‘I’m completely for religious freedom, but people should know how the animals are slaughtered,’ said one MP who supports tighter labelling rules. Controversy over the Bill comes as farmers and MPs fear the sentience laws will be ‘hijacked’ to include more extreme animal rights amendments – including an outright shooting and hunting ban.
Senior sources say the new laws have brought ‘anxiety for farmers’ about being abused by groups with more radical agendas.
Pressure for the law arose prior to Brexit as animal welfare campaigners raised concerns that the EU Withdrawal Act 2018 did not include provision to transfer the principle contained in Article 13 of the Lisbon Treaty recognising animals as sentient beings into UK legislation.
It was then included in the Tory manifesto for the 2019 General Election.
The Prime Minister’s fiancée Carrie Symonds, a noted animal rights campaigner, has supported the plans. In 2017, she tweeted: ‘The Conservatives WILL make sure animal sentience is recognised in UK law.
‘But we want to go even FURTHER and become a world leader in the protection of animals.’ Minister for Pacific and the Environment Lord Goldsmith said last week: ‘Formally recognising in law that animals are sentient and experience feelings in the same way as humans do is just the first step of our flagship action plan for Animal Welfare which will transform the lives of animals in this country and strengthen our position as a global leader.’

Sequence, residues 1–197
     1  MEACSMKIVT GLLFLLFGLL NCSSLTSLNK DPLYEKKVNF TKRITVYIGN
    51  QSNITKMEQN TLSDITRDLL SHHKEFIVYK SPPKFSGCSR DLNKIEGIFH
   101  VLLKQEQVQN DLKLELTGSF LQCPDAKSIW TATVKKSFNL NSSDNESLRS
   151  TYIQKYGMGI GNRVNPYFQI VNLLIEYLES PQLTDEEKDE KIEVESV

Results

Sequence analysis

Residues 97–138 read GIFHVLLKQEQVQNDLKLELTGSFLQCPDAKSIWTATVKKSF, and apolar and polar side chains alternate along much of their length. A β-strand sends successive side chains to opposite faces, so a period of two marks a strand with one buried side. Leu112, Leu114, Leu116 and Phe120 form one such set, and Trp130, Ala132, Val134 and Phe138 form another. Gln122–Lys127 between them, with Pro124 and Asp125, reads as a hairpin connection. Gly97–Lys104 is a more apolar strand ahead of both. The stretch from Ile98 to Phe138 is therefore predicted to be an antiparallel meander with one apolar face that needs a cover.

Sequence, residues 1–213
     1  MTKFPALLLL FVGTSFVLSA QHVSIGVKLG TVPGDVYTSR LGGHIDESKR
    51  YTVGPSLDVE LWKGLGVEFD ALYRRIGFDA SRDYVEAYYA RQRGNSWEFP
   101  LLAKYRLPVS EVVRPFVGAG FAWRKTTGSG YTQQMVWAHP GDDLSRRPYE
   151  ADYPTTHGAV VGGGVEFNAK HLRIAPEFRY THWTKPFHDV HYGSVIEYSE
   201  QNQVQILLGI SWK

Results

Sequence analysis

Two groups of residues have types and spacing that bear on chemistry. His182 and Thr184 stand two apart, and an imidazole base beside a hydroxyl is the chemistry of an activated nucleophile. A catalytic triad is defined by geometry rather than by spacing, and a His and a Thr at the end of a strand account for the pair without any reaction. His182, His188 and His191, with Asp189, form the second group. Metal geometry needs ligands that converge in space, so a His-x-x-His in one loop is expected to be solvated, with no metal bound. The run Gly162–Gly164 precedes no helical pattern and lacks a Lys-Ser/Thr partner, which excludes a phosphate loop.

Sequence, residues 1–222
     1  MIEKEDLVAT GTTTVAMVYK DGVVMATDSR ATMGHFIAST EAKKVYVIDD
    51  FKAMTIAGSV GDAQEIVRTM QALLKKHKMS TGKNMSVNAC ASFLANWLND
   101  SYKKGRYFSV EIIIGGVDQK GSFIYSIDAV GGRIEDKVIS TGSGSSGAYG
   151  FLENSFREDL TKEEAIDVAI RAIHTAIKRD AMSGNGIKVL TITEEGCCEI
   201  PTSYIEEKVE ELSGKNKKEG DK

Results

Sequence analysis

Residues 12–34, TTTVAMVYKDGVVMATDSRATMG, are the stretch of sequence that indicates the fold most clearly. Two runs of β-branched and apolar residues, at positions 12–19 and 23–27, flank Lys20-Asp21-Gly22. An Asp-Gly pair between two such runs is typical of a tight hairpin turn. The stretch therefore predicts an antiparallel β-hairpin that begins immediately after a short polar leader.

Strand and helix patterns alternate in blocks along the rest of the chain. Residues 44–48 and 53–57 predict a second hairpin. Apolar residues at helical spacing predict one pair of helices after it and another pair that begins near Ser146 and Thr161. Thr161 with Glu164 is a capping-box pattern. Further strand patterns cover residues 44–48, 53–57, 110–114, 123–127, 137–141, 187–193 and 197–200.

As part of this action plan, a new police division will specialise in combating pet theft, there will be an obligation for cats to have a microchip identifying their owner and new laws will minimise international animal trafficking.
Training collars which subject animals to electric shocks will be prohibited, as will the possession of primates as pets.
The Government has also pledged to end the export of live animals for fattening and slaughter and introduce new measures to improve livestock welfare during their transportation. Former Environment Secretary Theresa Villiers aid: ‘We have some of the toughest laws in the world to protect animal welfare.
‘That means this new law to expressly recognise animal sentience may not mean big practical changes to the rules we already have on compassionate treatment of animals.
‘But it will have symbolic importance. I have had many constituents contact me to express support for the principle of making this part of our law.’
On the issue of halal or kosher meat, she added: ‘Any changes to food labelling need to be carefully thought through to avoid unintended consequences or stigmatising minority communities.
‘We should not make any changes that would undermine religious freedom by making halal or kosher food impossible to produce at affordable prices. Religiously compliant methods of slaughter are rigorously regulated and the rules already in place are working effectively to protect animal welfare, whilst enabling people to observe the requirements of their faith.’
A Government source said: ‘We have ‘no plans to ban grouse shooting and consider that shooting brings many benefits to the rural economy and can be beneficial for wildlife and habitat conservation.’